Food/Water supplies: I always bring a little bit of food with me to get us through the flight in case Bella starts to get hungry, but she will rarely eat in a weird place like an airport or airplane anyway. Bring a small amount of food and keep it in your carrier through security. I usually just buy her new food when we get to our destination.
I also recommend a small travel water bowl and an empty water bottle. Once you pass through security, you can fill the water bottle at a water fountain for your dog to drink during the flight.
If your flight is not super long, I do not recommend giving our dog water until after you have landed. Chances are your dog will have to go to the bathroom and may start whining or barking. I avoid giving Bella water, so her bladder stays as empty as possible.
Calming medicine: Ask your veterinarian before giving your dog ANYTHING! Ask about dosages, different brands, how often, and any other question you can think of. I am not a veterinarian, I am NOT telling you what is good for your specific dog to ingest. I only know my own dog, which is a healthy 5 year old teacup Yorkshire Terrier.
Some dogs need to be calmed a bit when traveling. I did not crate train Bella so she was not used to being locked up in any crate or carrier. My veterinarian recommended children’s Benadryl to give Bella to help her sleep during our flight, and it works perfectly every time! I have a great routine down.
I always give Bella some children’s Benadryl about an hour before going to the airport (almost 3 hours before departure time), which means the medicine will kick in shortly before our flight. Also, I do not give Bella much Benadryl and I advise speaking to your veterinarian about dosages. My veterinarian told me I could not overdose on Bella, which leads me to believe it is very safe for dogs.
In The Airport
Plan to be at the airport about 3 hours before your departure time. They always advise extra time at the counter to show your papers and pay for your animal if you haven’t already. You can’t go through the pre-check even if you have the apps on your phone. Your animal will usually need a paper ticket that is printed and marked at the initial airline counter.
If you have an emotional support animal, you will need to bring a few other items to the airport & the rules are a bit different. I wrote a whole page on information about having an emotional support animal, and you can pretty much find all you need to know in there.
Always take your dog on a walk before going through security. DO NOT FORGET! Once you get through security, there is rarely anywhere for your dog to go to the bathroom. I have found one airport that had a small caged outside area for dogs after security. I hope more airports do that.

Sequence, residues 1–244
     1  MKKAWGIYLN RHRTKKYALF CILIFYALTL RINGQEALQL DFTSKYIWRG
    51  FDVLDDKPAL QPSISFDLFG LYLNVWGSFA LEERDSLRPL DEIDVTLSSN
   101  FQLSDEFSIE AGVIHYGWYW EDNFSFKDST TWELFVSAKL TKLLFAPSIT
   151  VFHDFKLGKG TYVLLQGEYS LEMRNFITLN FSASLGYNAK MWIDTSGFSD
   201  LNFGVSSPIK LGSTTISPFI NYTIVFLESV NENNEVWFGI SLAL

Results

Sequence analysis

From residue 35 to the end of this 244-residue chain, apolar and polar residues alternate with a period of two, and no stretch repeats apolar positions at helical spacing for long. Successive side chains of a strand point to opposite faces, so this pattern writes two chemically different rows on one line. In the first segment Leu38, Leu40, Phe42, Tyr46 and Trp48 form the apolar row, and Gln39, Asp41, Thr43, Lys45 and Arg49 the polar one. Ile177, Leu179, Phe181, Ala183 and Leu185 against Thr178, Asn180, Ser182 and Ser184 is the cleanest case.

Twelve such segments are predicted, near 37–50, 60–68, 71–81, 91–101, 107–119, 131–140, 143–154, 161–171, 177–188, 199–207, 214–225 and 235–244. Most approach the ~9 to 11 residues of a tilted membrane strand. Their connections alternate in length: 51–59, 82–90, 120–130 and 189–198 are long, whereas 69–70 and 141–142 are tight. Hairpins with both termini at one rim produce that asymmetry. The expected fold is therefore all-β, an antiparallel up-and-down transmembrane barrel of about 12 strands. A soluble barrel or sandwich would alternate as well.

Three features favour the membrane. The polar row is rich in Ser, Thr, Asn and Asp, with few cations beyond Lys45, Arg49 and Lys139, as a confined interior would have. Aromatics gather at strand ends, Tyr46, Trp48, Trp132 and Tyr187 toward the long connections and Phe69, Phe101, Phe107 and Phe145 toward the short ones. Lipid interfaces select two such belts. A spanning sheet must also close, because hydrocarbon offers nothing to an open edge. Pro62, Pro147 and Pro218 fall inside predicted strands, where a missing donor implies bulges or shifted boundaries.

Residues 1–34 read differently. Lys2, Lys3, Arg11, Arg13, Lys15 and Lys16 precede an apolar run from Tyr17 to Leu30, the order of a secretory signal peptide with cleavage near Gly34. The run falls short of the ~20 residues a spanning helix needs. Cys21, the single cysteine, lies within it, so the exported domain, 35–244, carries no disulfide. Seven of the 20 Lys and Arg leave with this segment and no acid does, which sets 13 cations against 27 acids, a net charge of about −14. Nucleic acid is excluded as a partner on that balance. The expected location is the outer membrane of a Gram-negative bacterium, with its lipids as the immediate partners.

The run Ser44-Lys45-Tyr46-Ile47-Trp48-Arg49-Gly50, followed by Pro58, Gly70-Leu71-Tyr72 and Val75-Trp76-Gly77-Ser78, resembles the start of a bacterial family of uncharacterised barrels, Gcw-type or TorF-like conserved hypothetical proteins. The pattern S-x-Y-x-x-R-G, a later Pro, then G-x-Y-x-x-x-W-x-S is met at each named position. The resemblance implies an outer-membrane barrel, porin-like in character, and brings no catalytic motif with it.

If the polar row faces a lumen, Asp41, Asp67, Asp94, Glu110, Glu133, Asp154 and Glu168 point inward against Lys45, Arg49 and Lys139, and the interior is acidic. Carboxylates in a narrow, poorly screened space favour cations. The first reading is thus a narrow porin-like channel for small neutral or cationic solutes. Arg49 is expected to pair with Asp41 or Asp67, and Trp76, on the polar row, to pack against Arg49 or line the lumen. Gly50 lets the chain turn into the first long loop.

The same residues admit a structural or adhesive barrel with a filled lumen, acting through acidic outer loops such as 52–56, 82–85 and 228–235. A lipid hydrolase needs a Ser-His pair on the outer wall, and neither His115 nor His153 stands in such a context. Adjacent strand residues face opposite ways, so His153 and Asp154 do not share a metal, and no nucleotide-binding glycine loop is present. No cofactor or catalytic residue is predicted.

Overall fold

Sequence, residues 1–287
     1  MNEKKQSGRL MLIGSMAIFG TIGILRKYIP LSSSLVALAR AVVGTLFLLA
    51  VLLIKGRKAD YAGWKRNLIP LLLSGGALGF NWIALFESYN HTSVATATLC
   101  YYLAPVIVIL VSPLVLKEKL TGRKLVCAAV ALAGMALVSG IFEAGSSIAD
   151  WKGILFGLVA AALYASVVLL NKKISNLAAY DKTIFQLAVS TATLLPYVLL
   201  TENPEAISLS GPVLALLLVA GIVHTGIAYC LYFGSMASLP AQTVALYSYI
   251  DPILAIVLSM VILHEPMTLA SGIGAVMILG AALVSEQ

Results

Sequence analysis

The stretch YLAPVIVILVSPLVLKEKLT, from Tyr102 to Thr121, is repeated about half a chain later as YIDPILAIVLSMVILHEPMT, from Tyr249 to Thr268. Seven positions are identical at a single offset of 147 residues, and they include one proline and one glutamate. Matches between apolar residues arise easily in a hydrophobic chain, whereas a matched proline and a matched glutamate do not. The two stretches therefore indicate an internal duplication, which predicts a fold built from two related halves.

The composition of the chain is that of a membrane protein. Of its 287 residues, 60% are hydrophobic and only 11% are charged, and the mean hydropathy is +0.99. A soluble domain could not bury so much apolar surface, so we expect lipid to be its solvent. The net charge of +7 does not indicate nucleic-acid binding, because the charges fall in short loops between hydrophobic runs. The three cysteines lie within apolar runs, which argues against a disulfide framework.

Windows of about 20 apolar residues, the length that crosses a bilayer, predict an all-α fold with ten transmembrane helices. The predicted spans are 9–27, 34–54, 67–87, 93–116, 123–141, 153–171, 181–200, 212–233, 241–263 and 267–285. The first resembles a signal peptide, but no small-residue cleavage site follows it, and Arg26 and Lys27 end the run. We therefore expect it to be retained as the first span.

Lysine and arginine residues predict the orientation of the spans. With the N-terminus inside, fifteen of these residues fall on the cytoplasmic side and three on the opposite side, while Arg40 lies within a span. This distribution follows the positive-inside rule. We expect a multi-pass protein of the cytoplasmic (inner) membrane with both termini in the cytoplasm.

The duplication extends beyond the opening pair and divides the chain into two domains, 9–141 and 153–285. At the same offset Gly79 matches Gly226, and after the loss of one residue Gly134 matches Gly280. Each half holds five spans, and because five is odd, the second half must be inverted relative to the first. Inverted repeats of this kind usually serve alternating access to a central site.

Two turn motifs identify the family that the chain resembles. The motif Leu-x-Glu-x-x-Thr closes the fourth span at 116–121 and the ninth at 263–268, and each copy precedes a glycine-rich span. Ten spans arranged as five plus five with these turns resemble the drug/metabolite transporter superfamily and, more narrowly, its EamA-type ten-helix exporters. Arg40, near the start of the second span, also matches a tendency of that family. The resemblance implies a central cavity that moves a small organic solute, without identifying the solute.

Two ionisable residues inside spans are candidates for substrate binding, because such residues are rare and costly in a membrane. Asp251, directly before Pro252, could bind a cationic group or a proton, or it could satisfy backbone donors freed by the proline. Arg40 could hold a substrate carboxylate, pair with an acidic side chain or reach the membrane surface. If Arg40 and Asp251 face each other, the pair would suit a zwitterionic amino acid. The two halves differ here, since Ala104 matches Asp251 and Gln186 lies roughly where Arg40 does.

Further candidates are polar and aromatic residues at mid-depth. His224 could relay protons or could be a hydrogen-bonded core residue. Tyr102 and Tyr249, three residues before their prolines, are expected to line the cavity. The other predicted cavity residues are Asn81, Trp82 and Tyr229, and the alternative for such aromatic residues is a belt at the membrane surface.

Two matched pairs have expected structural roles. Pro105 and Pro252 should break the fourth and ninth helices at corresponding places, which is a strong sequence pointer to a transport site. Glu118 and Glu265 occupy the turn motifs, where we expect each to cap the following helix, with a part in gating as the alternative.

I hold Bella in my arms all the way through security and I let her walk on her leash we I am putting my shoes on and getting my bags back in order.
While waiting for our plane, I always make sure to tire her out. I like to sit and do work on the computer in the airport but when Bella is getting sleepy, I make her play with me and we go for walks. I can really tell that she starts fighting her sleep and she just wants to be left alone. By the time we are boarding our flight, she can barely keep her little eyes open.
On your flight
The dog’s carrier is supposed to remain under the seat in front of you, until you get off the plane. Because Bella is an emotional support animal, I can keep her on my lap the whole time. Instead of using medicine for my anxiety, I hug Bella. Before she was prescribed as my E.S.A, we have traveled quite a few times with her in the carrier, in front of me. I would always keep her out of the carrier until we are about to board our flight.
She’s pretty good at sleeping through the whole flight … until we start to descend. I am assuming it messes with her ears because she always wakes up when we are about to land. When she starts to whimper, I ball up our favorite blanket on my lap and make her a nice bed to cuddle on. Then I ease her back to sleep and pet her until we land.
Sometimes, you may be able to stick your hand in the carrier and soothe your dog for a few minutes. If your dog is more orally motivated than Bella, this is where a fun chew toy or bone would be great. Get your dog interested in that to distract him for a while.
Sometimes she likes to watch us take off!
On your trip, you will encounter so many different personality types, you might not know whether you are doing something right or wrong. It makes me laugh when we see how differently people respond to having an animal near them …. even when the animal is harmless, hypo-allogenic, and the cutest thing in the whole world.
The first personality type that you will encounter is a dog lover. Now if you already have a dog, you know how people respond to a cute dog with the high-pitched “awww a puppy” exclamation. This is always nice and Bella loves the attention, but in an environment such as an airport, this can be overwhelming. It can also considerably slow you down which isn’t very convenient if you do not have ample time to get through the airport.
Most times, I arrive early enough so it is not a problem. I also like when people pet and play with Bella to tire her out before our flight. I never let her relax or sleep in the airport. We play, walk around, and accept the most attention from others.
You will also encounter many haters. Bella is an emotional support animal, so we sometimes get mean looks or sayings from people who assume she is not really needed as my E.S.A or by people who don’t even know what that is. Unfortunately, many people are scamming the system right now so they cause much skepticism.
Traveling with a small dog is really what you make it. If you set yourself up for failure, the trip is going to be difficult. If you are prepared, you will make the trip east and enjoyable!